Openness, then, is a defining feature of this cohort of fintech businesses. At Funding Circle, that principle is enshrined as an explicit company value. It operates at the level of the team’s culture, with the unprecedented amount of information that’s passed on to lenders, investors and staff. It also applies to how much Funding Circle understands about its customers and markets. Recall that one of the major problems for the big banks during meltdown of 2008 was that they couldn’t get a decent picture of their own risk profile. By contrast, the clever way that Funding Circle uses data gives them a very clear, rich understanding of the kinds of businesses they’re lending to, as well as the connectedness of various financial markets. They know exactly where investors’ money is going: lending with Funding Circle is not a black box. In this day and age, that’s becoming table stakes.
Something else that stood out about Funding Circle – and epitomises its generation of fintech businesses – was the strength of the founders’ mission. Rather than be myopically focused on profit, it was clear they were driven by a bigger vision: to become the first choice for small business loans worldwide. SMEs are the lungs of any growing economy, but they’re woefully underserved by traditional finance. Samir, James and Andrew believed it didn’t have to be that way, and that small businesses should be able to borrow quickly and efficiently. They also figured that investors could earn great returns by putting their money to a good use and supporting local businesses. And the potential is huge: just in the four countries in which Funding Circle now operates – the UK, the US, Germany and the Netherlands – the total market for small business lending is estimated to be £1.2 trillion-- that’s trillion with a T.
A third virtue of the new fintech paradigm is its careful, responsible attitude to regulation. Funding Circle has had to negotiate considerable regulatory complexity in order to expand to multiple markets. But instead of trying to sidestep various laws and rules, the company actively welcomes nuanced regulation. They work cooperatively with the authorities to help create new standards for the innovative services they’re providing. And increasingly, instead of slapping on old norms, enlightened regulators around the world are recognising that companies like Funding Circle are doing great work, providing consumers, businesses and investors with something that’s been lacking.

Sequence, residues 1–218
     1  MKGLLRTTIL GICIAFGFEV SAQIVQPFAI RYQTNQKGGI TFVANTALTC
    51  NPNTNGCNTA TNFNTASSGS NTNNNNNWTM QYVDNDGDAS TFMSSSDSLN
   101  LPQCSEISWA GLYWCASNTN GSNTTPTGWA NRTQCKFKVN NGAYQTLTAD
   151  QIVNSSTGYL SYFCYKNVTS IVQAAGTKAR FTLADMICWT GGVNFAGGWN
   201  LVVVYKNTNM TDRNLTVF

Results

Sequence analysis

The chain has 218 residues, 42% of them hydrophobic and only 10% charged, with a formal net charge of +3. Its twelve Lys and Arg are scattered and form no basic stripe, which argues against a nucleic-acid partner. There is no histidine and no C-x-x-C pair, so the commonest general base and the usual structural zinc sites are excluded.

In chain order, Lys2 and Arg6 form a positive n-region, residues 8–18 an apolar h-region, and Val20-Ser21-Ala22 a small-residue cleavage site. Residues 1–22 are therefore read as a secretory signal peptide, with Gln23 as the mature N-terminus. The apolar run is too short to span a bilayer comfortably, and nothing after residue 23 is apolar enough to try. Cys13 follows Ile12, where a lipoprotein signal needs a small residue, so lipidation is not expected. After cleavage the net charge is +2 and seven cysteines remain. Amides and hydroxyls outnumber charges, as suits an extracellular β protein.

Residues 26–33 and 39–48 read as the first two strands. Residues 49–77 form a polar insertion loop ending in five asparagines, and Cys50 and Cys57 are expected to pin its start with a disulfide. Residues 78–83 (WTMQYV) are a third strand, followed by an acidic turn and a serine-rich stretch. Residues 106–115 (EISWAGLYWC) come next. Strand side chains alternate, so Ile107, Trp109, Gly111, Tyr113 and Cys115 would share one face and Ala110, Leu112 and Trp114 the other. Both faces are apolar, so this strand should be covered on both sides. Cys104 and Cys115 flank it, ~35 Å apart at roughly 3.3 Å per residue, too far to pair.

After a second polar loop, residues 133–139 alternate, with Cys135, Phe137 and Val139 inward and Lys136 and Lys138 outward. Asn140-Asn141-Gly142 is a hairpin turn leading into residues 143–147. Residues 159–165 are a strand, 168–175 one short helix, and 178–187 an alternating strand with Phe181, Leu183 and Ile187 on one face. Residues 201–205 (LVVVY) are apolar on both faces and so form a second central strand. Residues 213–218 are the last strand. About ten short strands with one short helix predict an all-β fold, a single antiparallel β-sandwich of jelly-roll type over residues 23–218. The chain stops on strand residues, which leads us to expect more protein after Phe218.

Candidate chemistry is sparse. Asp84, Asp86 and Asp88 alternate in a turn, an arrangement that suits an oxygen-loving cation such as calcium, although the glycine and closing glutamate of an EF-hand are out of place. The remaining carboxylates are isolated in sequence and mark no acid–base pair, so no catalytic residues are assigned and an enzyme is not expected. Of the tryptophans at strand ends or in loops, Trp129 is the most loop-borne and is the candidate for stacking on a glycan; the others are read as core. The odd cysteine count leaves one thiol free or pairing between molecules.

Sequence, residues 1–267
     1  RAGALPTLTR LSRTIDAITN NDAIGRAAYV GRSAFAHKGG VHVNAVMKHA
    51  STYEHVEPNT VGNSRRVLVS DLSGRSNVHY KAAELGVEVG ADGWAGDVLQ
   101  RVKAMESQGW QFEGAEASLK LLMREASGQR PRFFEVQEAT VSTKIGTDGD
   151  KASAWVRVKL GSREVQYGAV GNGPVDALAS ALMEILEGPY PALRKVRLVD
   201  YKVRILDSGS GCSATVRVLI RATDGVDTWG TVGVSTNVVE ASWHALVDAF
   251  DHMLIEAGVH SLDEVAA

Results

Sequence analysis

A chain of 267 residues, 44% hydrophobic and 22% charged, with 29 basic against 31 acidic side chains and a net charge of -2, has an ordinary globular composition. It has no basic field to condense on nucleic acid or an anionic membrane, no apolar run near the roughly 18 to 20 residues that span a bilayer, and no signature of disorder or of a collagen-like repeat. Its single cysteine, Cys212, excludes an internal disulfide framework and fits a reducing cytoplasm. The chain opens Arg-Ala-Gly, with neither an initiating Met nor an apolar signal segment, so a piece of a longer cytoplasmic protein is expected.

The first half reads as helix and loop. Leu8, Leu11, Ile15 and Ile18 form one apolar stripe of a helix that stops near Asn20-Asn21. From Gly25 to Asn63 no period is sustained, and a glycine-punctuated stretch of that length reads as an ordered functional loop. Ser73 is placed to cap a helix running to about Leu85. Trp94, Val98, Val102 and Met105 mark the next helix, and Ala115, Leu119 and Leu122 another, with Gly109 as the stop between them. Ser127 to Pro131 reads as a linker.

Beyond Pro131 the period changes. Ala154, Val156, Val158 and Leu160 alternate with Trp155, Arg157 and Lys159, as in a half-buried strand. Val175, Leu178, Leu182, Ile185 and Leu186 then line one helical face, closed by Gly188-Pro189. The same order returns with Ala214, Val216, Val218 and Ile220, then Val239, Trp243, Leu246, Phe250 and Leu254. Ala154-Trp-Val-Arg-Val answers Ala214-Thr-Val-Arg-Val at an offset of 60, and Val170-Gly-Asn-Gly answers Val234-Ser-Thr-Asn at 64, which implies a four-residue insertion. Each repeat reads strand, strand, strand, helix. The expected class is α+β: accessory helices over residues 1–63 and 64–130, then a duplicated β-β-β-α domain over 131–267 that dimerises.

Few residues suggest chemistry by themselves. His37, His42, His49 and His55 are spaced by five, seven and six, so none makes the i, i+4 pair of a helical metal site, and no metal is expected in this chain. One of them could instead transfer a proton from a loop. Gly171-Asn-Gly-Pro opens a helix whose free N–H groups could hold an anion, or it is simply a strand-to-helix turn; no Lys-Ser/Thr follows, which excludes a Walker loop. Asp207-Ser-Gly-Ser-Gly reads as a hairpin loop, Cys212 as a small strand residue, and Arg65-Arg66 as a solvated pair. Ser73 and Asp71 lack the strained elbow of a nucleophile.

Of course, some errors are inevitable in a fast-growing business. All great entrepreneurs have to be really stubborn and bullheaded and barrel forward, because every day people are telling them that what they’re doing can’t be done. But it’s unusual to get people with the self-awareness to grasp when they need to seek outside advice, so they can avoid making a mistake that could be fatal. Doing that too often makes you indecisive, but not doing it enough means you screw up more than you need to. Samir and his leadership team do it just enough.
Few businesses can be multi-billion dollar enterprises by winning a small fraction of their addressable market. Funding Circle is one of them. Perhaps the most exciting thing about the team is that, despite their achievements to date, they’ve got greater ambitions in their sights. Index Ventures and I are incredibly proud to be supporting Funding Circle as it begins the next phase of its journey towards building a more transparent and more inclusive financial world.